Overview: An amendment to Florida’s Constitution can get on the ballot several ways, including through a vote by the Legislature, through a citizen-led petition drive, and through the Florida Constitution Revision Commission, which convenes every 20 years and whose 37 members are appointed by the governor, legislative leaders and the chief justice of the Florida Supreme court. This amendment would abolish the CRC, which last convened in 2017-18 and placed eight amendments on the 2018 ballot, several of which bundled different amendments into one question.

A YES VOTE ON AMENDMENT 2 WOULD:

Eliminate the Constitution Revision Commission, which was created in 1968 and meets every 20 years to consider changes to the state Constitution.

Leave just two ways for a constitutional amendment to get on the ballot: through the Legislature or a citizen-led initiative. 

A NO VOTE ON AMENDMENT 2 WOULD:

Preserve the state’s Constitution Revision Commission and its ability to present amendments to the voters every 20 years..

Supporters: Florida Legislature (originator); 

Opponents: League of Women Voters of Florida; 

League of Women Voters of Florida Position: The LWVFL opposes this amendment. The Citizen Initiative process for amending the Constitution has already been significantly restricted by the state Legislature in recent years. While the 2017 Constitution Revision Commission was political and questions put before the voters were bundled” in ways that made it difficult to separate valid issues,  the LWVFL believes that the Constitution Revision Commission is worth saving. The League believes the Legislature should amend the process so that future Constitution Revision Commissions should have bipartisan appointees and ballot amendments should each address only one issue. Eliminating the Constitution Revision Commission will remove a generational opportunity for citizens to update their constitution. The League opposes any limits on citizens’ abilities to be architects of their own Florida Constitution.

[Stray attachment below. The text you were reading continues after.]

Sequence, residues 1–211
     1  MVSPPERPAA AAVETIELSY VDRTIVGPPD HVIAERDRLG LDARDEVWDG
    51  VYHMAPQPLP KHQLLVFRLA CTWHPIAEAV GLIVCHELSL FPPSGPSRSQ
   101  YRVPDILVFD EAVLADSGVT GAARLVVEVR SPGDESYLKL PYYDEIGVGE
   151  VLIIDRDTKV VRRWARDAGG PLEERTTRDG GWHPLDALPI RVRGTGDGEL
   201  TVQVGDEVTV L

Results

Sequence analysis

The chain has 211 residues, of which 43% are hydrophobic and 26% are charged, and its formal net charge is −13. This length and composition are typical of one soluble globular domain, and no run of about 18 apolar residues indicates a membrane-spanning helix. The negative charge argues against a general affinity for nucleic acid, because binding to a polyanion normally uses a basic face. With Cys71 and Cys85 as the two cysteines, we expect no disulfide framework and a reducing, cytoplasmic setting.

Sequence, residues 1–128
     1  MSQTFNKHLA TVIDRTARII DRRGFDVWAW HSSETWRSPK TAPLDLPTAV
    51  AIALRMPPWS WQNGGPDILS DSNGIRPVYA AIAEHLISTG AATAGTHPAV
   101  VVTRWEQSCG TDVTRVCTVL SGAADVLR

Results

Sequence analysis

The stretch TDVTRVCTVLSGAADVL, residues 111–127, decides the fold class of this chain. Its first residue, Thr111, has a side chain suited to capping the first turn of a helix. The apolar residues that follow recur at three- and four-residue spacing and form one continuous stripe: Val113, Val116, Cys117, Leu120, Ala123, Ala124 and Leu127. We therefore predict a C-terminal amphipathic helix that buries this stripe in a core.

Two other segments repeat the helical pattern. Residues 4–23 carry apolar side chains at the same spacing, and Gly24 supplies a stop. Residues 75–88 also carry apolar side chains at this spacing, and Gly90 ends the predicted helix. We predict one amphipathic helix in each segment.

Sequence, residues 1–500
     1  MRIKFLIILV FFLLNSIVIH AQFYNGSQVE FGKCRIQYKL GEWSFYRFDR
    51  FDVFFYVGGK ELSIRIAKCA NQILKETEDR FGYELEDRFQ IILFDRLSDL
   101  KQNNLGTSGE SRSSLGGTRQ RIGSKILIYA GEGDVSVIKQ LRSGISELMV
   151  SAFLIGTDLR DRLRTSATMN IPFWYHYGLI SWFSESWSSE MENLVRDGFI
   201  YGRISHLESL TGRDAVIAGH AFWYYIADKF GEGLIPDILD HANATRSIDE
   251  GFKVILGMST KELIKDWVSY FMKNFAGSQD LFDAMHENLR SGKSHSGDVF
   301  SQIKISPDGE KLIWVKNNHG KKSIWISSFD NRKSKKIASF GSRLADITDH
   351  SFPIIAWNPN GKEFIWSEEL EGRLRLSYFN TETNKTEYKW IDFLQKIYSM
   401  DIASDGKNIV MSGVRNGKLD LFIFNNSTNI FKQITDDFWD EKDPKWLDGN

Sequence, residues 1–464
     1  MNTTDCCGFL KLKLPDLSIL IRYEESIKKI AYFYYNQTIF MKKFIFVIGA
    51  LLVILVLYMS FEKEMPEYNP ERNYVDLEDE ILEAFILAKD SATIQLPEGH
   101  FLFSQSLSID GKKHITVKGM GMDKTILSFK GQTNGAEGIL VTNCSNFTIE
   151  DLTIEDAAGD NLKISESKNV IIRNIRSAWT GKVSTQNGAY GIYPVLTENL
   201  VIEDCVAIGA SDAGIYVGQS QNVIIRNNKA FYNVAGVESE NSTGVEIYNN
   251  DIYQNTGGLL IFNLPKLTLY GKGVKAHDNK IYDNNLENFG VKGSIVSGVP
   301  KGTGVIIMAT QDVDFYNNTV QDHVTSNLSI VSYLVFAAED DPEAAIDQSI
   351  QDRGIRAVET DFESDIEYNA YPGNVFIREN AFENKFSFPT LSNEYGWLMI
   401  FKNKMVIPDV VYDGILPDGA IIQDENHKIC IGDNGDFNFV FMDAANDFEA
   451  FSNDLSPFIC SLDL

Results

AMENDMENT 3

Additional Homestead Property Tax Exemption for Specified Critical Public Service Workforce

Originator: Florida Legislature

Ballot summary: “Proposing an amendment to the State Constitution to authorize the Legislature, by general law, to grant an additional homestead tax exemption for nonschool levies of up to $50,000 of the assessed value of homestead property owned by classroom teachers, law enforcement officers, correctional officers, firefighters, emergency medical technicians, paramedics, child welfare services professionals, active duty members of the United States Armed Forces, and Florida National Guard members. This amendment shall take effect January 1, 2023.”

Overview: This amendment would authorize the state Legislature to create a new homestead exemption of up to $50,000 for certain public service employees, including “classroom teachers, law enforcement officers, correctional officers, firefighters, emergency medical technicians, paramedics, child welfare services professionals, active duty members of the United States Armed Forces, and members of the Florida National Guard.” The exemption means property owners in these professions can subtract $50,000 from the assessed value of their property, which will reduce their local property tax bills. The exemption would be in addition to the standard $50,000 homestead exemptions Floridians already receive on their primary residence. The new exemption would not apply to assessments for school taxes. The Legislature has already passed a companion bill that, if the constitutional amendment is passed by 60% of Florida’s voters, will create the new exemption and make it effective on Jan. 1, 2023. 

A YES VOTE ON AMENDMENT 3 WOULD:

Allow the Legislature to create a new homestead exemption up to $50,000.

Exclude the exemption from assessments for school property taxes.

Cost local governments $85.9 million in lost revenue for fiscal year 2023-24, growing to $96 million in fiscal year 2026-27. The state would make up for the losses in Florida’s 29 “fiscally constrained” counties, primarily rural counties in the Panhandle and South Floridas interior.